Government should decontrol petrol pricing, says Assocham
Industry chamber Assocham has asked the Ministry of Petroleum and Natural Gas to completely decontrol pricing of petrol while eliminating subsidies on diesel in a phased manner to reduce the losses of oil firms.business Updated: Jun 01, 2010 19:18 IST
Industry chamber Assocham has asked the Ministry of Petroleum and Natural Gas to completely decontrol pricing of petrol while eliminating subsidies on diesel in a phased manner to reduce the losses of oil firms.
"The government should consider phased elimination of subsidy on diesel to help oil companies stop bleeding. These firms are expected to suffer losses worth Rs 1 lakh crore in 2010-11 due to continued extension of subsidies on petrol, diesel, LPG and kerosene," the chamber said.
Currently, petrol is sold at Rs 6 a litre below its actual price, while diesel pricing is subsidised by over Rs 7 per litre. There is also a subsidy of about Rs 300 per cylinder on LPG and over Rs 30 a litre on kerosene, it said.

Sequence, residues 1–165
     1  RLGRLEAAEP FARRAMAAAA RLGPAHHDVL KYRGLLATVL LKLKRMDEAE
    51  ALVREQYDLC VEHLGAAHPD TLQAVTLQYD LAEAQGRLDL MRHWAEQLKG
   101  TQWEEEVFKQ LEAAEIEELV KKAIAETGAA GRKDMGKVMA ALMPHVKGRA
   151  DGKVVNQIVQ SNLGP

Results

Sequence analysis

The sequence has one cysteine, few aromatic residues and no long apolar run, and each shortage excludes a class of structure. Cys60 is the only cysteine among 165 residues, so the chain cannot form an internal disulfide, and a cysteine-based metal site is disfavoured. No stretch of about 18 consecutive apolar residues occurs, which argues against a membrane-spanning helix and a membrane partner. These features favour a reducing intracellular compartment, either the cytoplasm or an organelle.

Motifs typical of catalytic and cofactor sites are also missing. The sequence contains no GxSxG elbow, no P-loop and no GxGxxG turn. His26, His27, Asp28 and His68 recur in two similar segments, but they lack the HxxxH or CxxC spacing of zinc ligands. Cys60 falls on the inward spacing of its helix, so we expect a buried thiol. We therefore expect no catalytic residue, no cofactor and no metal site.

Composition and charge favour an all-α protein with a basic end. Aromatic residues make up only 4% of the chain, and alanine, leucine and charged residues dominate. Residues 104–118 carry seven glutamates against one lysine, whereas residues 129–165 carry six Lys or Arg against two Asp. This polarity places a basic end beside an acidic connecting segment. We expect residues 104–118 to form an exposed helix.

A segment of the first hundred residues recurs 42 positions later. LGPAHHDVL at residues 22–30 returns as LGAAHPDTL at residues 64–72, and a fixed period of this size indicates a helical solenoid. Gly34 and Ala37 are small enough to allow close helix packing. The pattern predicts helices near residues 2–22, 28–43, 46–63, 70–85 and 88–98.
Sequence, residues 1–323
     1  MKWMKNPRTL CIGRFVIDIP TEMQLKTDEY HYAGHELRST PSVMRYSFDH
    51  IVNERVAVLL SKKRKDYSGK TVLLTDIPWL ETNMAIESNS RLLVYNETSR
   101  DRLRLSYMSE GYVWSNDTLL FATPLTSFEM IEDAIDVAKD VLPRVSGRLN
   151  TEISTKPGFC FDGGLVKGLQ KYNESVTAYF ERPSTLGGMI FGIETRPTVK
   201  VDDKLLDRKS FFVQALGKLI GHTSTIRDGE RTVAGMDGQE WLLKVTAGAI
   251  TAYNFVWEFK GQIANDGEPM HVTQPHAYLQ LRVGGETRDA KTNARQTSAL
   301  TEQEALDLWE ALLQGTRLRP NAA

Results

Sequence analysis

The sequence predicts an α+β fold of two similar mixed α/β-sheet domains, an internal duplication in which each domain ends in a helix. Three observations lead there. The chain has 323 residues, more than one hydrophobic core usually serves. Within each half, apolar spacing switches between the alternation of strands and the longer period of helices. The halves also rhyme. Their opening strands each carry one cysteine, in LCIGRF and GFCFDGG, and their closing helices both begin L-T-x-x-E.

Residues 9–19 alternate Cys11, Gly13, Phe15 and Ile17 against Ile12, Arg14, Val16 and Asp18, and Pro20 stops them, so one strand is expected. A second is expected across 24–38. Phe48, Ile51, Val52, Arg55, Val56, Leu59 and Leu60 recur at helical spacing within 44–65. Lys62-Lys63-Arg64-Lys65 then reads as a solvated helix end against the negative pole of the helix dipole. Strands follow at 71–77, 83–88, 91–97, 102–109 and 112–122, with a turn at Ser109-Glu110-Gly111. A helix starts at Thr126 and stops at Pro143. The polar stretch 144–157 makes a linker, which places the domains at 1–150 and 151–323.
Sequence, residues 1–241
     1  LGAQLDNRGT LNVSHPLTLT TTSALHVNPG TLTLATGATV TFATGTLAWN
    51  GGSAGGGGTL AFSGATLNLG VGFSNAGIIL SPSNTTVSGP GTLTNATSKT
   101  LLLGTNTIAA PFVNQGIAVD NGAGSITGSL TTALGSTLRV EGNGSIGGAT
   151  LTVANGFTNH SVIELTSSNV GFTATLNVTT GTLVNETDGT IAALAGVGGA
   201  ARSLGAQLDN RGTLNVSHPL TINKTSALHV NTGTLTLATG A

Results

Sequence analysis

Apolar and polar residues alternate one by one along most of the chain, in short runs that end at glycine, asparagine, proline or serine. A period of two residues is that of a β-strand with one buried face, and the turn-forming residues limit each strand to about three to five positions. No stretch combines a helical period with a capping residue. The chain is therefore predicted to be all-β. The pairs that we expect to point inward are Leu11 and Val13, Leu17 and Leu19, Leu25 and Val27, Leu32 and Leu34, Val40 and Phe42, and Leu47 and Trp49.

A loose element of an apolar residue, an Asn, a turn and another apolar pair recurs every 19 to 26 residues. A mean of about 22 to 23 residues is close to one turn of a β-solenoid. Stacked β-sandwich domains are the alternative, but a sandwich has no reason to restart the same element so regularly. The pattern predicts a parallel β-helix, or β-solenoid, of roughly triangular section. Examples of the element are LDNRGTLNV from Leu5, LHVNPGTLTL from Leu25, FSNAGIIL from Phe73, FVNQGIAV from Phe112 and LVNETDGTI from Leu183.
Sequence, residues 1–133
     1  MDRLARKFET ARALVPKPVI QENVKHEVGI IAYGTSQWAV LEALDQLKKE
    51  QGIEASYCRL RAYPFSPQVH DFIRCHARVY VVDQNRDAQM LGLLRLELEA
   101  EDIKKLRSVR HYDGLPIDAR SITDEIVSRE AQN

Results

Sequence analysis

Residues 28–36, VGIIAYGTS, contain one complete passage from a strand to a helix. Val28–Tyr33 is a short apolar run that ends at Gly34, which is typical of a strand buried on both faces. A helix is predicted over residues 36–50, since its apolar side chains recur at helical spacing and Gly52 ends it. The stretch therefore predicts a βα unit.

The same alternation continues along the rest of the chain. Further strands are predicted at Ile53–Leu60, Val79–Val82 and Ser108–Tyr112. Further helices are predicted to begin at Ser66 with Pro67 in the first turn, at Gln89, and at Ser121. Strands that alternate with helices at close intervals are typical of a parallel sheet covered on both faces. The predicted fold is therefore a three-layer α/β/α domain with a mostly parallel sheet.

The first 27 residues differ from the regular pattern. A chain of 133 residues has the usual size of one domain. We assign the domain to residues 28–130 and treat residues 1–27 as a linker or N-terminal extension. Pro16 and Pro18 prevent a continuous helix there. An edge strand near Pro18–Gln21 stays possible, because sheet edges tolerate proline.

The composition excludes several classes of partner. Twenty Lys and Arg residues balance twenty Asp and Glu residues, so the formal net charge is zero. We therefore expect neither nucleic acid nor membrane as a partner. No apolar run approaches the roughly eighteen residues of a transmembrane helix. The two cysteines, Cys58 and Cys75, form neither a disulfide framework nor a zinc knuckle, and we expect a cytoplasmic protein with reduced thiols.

"The subsidy on these commodities would cost oil companies a burden of over Rs 30,000 crore in the current fiscal," Assocham said.
"Therefore, there is a need that the government should free petrol pricing. This would provide the downstream oil sector a relief of about Rs 13,000 crore," Assocham said.
It has also proposed that LPG and kerosene pricing should not be controlled by the government. It would not be difficult for people to afford the prices fixed by these firms, as the income levels of people are rising.
It, however, said the ministry should continue with the subsidy on kerosene and LPG for people living below the poverty line.
The chamber said oil companies, which once upon a time were paying a rich dividend to the government and other stakeholders, are now in the red.
Due to subsidies, these companies have started bleeding and their margins are under serious threat because of the rising prices of crude oil, it said.
Therefore, the need of the hour is to ensure corrective steps on the policy front and the pricing mechanism for petrol and diesel should be left out to market forces, Assocham said.